Here’s how it looks: they said no to gender selection, euthanasia, assisted suicide and mandatory union membership. They also voted to level the pension and benefit playing field between the public and private sectors, simplify the tax system and ban unions from using dues to fund political activities.

Not surprisingly, much of the ensuing media coverage depicted a party taking a sharp turn to the right, away from the more centrist legacy of the Red Tories and back to classic Reform-era turf.

But not everything that went down at this weekend's convention backs up that narrative.

Those same delegates backed calls to promote "international co-operation in marine science research for peaceful purposes," more aggressive patrolling and environmental law enforcement along Canada's coastline, full liability for pipeline operators and arms' length, independent management of private sector employee pension funds.

After Friday's workshop sessions wrapped up, they joined MPs, senior cabinet ministers and the prime minister's wife under the filled-to-capacity Fabulous Blue Tent, the hospitality suite hosted by "gay Conservatives and friends."

Little interest in Senate scandal

The debate to make future reports on the state of the Conservative Fund coffers a more interactive experience for members prompted a long-time party member to affectionately roll his eyes while recalling a similar provision at early Reform Party conventions. The resulting discussions resulted in marathon Q&A sessions as members took the opportunity to parse each and every line in the budget.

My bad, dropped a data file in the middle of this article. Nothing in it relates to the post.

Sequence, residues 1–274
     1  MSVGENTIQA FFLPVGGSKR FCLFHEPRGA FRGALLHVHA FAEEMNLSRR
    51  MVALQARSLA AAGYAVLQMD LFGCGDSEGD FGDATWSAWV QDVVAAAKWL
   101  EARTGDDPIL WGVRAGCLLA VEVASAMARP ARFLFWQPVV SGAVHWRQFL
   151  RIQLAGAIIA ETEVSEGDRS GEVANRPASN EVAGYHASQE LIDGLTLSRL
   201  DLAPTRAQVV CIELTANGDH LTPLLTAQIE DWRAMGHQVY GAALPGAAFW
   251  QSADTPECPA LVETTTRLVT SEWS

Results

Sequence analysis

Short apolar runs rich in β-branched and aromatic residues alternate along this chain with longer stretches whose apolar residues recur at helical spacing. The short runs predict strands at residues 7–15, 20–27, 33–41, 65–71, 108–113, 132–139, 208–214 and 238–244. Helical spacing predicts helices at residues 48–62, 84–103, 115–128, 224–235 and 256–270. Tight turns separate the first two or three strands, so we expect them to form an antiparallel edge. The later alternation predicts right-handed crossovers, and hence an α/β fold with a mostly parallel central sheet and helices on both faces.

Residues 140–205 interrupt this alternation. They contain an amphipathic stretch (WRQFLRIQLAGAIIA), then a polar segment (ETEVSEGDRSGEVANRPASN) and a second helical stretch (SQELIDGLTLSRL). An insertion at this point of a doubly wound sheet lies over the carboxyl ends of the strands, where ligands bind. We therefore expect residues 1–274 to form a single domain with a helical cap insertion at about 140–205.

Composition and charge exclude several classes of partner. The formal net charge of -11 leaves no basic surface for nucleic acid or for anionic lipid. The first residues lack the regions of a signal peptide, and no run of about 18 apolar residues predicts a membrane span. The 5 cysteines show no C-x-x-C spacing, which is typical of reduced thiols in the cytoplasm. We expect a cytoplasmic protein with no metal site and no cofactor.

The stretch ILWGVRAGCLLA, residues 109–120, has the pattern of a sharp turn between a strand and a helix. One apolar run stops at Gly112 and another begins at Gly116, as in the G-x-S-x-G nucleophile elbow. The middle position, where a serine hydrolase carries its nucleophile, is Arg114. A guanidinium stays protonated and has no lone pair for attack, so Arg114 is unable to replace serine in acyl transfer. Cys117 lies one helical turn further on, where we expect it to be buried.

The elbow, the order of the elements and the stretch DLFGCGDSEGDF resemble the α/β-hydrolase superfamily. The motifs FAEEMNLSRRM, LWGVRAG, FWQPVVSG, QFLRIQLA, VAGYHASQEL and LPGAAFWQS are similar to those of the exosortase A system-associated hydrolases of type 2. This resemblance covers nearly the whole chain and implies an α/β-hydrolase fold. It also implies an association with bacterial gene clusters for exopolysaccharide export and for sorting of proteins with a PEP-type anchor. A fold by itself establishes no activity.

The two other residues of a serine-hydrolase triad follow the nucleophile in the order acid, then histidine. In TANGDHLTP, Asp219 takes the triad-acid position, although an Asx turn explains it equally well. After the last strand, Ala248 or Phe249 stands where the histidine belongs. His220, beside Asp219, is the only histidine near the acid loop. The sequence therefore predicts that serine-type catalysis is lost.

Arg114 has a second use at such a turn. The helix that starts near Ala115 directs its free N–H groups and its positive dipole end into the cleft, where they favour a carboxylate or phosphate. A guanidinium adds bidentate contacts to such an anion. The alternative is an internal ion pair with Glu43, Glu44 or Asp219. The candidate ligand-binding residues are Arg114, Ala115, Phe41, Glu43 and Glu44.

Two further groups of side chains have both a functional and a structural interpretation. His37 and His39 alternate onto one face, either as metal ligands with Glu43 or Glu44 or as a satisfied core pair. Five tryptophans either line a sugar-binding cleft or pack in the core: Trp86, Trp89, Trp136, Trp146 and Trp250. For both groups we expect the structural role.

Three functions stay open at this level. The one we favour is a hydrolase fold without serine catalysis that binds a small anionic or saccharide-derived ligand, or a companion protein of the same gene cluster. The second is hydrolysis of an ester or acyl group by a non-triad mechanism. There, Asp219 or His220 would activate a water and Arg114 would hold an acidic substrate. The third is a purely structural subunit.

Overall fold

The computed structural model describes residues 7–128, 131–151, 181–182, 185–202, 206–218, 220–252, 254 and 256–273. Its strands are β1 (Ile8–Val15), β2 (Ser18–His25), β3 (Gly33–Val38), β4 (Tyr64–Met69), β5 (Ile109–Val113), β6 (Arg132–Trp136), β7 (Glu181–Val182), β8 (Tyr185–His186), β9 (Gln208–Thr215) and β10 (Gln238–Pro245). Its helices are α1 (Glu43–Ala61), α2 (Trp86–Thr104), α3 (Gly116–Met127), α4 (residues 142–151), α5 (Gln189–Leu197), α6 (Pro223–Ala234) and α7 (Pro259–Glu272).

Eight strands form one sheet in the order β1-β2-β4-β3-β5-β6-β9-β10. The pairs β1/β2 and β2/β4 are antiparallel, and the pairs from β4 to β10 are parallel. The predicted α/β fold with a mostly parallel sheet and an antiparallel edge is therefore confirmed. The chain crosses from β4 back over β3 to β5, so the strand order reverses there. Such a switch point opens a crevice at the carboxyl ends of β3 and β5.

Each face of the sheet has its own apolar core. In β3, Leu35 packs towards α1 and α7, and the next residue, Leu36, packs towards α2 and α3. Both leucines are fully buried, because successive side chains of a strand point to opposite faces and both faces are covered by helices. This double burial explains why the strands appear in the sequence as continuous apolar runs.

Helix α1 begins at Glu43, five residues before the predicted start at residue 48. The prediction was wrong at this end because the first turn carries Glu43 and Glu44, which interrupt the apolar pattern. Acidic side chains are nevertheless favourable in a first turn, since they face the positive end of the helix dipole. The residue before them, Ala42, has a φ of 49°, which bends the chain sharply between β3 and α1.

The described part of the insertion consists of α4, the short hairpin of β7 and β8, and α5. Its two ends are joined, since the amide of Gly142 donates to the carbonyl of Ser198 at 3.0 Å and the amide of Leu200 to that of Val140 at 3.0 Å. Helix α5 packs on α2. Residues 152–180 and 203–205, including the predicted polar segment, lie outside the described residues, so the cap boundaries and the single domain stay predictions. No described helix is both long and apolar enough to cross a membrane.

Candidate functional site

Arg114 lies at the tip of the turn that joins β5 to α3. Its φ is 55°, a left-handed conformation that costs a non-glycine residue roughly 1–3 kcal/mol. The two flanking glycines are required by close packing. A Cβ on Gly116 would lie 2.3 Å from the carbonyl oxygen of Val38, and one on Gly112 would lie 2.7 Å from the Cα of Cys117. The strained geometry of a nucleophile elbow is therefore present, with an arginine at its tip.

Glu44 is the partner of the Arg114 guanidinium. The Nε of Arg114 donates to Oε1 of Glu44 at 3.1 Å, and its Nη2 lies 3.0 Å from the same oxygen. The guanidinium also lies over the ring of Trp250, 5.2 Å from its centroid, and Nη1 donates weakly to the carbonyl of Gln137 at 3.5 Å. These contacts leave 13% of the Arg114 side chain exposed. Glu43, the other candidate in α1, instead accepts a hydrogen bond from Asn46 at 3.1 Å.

Although the motion did eventually pass, it's hard to imagine the card-carrying Conservatives at this weekend's confab grilling Senator Irving Gerstein, chair of the fund, over the party's reported involvement in the Mike Duffy/Nigel Wright repayment deal.

They seemed almost gleefully incurious, proclaiming loudly to journalists their complete and utter lack of interest in the ongoing Senate expense scandal — beyond, of course, the plot threads involving former Liberal Senator Mac Harb.

The anti-authoritarian spirit that so often characterized Reform Party politics wasn't completely absent from the convention floor.

Those who were able to watch the voting process during Sunday's plenary sessions likely noticed that virtually no policy resolutions were passed unanimously. Even the most innocuous proposals — a statement on the party's continued support for international trade, for instance — seem to trigger a smattering of NO votes. Amid the sea of like-minded delegates, there are always a few who don't want to see anything go through entirely unopposed.

Most of the card-carrying Conservatives who formed the captive audience for the PM's keynote speech seemed satisfied, for the moment, to sit quietly and clap when spoken to. But if the mood on the ground — and, more crucially from the perspective of the party, the grassroots — changes, even the most loyal foot soldiers can go from keeping the flame to carrying a torch.


Kady O'Malley covered Parliament Hill for CBC News until June, 2015.